One of the most overlooked and underdeveloped parks in Costa Rica is Barra Honda, not for its wildlife or hot springs, but for its world class, practically untouched network of limestone caves. Situated about halfway between Nicoya and the mouth of the Río Tempisque, this 2295- hectare national park protects a massive underground system of more than 40 caves, and is one of the most unusual (and also highly memorable) national parks in all of the country.
The caverns, which are composed of soft limestone, were carved by rainfall and erosion during a period of about 70 million years. Speleologists have discovered just more than 40 caverns, with some of them reaching as far as 200m deep, though to date only 19 have been fully explored. There have been discoveries here of pre-Columbian remains dating back to 300 BC. The caves come with the requisite cave accoutrements: stalagmites, stalactites and a host of beautiful formations with intriguing names such as fried eggs, organ, soda straws, popcorn, curtains, columns, pearls, flowers and shark’s teeth.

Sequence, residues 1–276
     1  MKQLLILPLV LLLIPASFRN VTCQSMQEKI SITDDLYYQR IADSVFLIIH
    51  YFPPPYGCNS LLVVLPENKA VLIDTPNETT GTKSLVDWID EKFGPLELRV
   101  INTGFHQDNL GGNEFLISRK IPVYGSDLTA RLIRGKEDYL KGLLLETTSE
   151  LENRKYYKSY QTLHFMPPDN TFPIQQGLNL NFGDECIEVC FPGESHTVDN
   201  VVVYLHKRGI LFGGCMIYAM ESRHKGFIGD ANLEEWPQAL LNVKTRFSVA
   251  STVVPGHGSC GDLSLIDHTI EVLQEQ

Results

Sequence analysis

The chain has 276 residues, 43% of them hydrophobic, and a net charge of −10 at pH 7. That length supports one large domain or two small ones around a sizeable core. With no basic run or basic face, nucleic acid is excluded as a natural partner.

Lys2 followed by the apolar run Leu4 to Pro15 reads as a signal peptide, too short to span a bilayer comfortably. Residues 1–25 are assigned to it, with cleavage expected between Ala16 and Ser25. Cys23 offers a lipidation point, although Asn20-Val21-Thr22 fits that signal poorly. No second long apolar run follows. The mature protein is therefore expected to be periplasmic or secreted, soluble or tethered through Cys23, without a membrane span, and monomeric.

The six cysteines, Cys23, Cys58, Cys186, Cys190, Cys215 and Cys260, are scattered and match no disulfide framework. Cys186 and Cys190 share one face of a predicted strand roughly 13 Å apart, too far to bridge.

However, unlike caverns in your own country perhaps, Barra Honda is not developed for wide-scale tourism, which means that the caves here feel less like a carnival attraction and more like a scene from Indiana Jones. So, don your yellow miner’s hat, put on some sturdy boots and be prepared to get down and dirty. [lp]